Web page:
Why Pope Francis’ Focus on Africa, Church Peripheries is “disruptive in a good sense”

Pope Francis speaks at an audience with the Democratic Republic of Congo's authorities, diplomats, and representatives of civil society in the on Jan. 31, 2023, on the first leg of a six-day trip that will also include South Sudan. At right is President Felix Tshisekedi of the Democratic Republic of Congo. Credit: Vatican Media

Pope Francis has paid special attention to Africa, a Catholic theologian has said, noting that the Holy Father’s focus on Africa, which he says has always been the periphery, is “disruptive in a good sense.”

According to Massimo Faggioli, a Church historian and professor of Theology and Religious Studies at Villanova University in Pennsylvania, U.S., the Holy Father’s ongoing trip to Africa, in the Democratic Republic of Congo (DRC) and South Sudan, is especially important as it shifts the focus from “what has been traditionally a Eurocentric white-male-dominated Church.”

“There has been, in the last few days of the coverage of the Pope, a series of articles written by prominent commentators lamenting that the Pope is devoting too much attention to Africa and the southern hemisphere, and he has forgotten Europe,” Massimo says in an interview with Al-Jazeera.

He says that the lamentation is “very interesting because it shows how disruptive, in a good sense, Pope Francis is for the Catholic culture of white men in Europe.”

In the interview, the Theologian described Pope Francis as a religious leader “who seems very attentive to the peripheries of the world.”


Pope Francis’ trip to DRC and South Sudan is his third visit to sub-Saharan Africa. At the end of his 40th apostolic journey this week, Pope Francis will have visited 60 countries.

According to Massimo, the ongoing Apostolic Journey of the Holy Father is an important trip because “it is a glimpse into the future, which is now called global Catholicism, or world Christianity.”

The trip, the Church historian notes, “will look significantly different from what has been traditionally a Eurocentric white-male-dominated Church until a few years ago.”

Others who weighed in on the ongoing Papal visit to Africa were Christopher Lamb of The Tablet and Fr. Stan Chu Ilo, a research professor of Catholic and African Studies at DePaul University.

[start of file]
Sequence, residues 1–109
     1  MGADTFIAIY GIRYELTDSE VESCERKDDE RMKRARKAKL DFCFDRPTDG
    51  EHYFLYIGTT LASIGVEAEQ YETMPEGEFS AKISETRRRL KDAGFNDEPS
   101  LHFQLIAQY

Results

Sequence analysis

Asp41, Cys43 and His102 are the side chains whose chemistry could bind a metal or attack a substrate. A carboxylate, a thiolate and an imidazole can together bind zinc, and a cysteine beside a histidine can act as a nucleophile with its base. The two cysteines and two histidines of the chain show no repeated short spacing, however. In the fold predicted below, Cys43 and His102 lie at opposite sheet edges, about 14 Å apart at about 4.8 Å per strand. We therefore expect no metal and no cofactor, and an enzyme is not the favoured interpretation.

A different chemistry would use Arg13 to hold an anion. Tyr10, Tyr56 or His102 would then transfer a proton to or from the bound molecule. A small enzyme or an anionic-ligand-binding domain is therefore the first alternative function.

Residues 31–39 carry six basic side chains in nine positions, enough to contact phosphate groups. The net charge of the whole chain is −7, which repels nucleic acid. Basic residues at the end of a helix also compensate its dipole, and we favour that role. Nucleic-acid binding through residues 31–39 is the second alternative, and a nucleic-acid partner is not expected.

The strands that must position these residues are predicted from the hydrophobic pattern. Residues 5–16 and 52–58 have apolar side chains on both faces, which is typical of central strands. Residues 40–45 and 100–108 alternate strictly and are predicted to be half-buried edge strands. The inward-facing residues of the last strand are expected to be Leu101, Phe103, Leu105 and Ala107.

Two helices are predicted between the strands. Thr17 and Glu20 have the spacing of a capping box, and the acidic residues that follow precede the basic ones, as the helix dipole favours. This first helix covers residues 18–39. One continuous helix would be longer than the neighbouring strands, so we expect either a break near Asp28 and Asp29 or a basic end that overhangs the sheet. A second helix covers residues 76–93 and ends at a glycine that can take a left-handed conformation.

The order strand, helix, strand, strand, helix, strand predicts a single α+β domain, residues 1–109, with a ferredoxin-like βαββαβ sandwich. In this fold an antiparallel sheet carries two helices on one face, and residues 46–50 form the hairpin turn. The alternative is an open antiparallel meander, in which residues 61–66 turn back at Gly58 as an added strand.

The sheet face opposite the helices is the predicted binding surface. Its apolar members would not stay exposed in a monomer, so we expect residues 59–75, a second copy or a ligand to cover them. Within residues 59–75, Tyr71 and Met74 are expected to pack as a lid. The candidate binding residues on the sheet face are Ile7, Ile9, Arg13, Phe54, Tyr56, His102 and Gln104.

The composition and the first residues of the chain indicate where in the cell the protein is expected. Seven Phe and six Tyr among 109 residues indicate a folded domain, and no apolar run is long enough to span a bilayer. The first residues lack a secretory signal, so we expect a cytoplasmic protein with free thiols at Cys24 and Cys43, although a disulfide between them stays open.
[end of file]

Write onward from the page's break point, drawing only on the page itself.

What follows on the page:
Lamb said that Pope Francis, right from the word go in his pontificate, has had “a very strong social message” especially concerning the Church on the peripheries. “In that message, the Pope wants the Church to go to what he calls the peripheries.”

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The Holy Father, according to the Catholic journalist, wants to take the message of the Gospel to countries that have been suffering, and “to speak prophetically, and to speak truth to power.”

“Look at what the Church in these countries is doing in healthcare, in education, and you know where the church is today and in the future. A majority of the population in the Congo are Catholic,” Lamb says.

On his part, Fr. Stan Ilo noted that the Catholic Church in Africa is becoming more and more relevant to a younger population, a situation he said signifies that the future of the Catholic Church is in the African continent.

He however pointed out the worrying trend of young people leaving the Catholic Church in favor of new denominations that he said are opposed to the Catholic Church.

“In Congo, there are new churches that are emerging that are very strongly opposed to Catholicism. They’re strongly opposed to the visit of the Pope,” Fr. Stan Ilo said.


He added, “Many young people are leaving the traditional Eurocentric tradition, not only of Catholicism, but also of the mainland Churches, and are finding a home in the Pentecostal and evangelical groups in Africa.”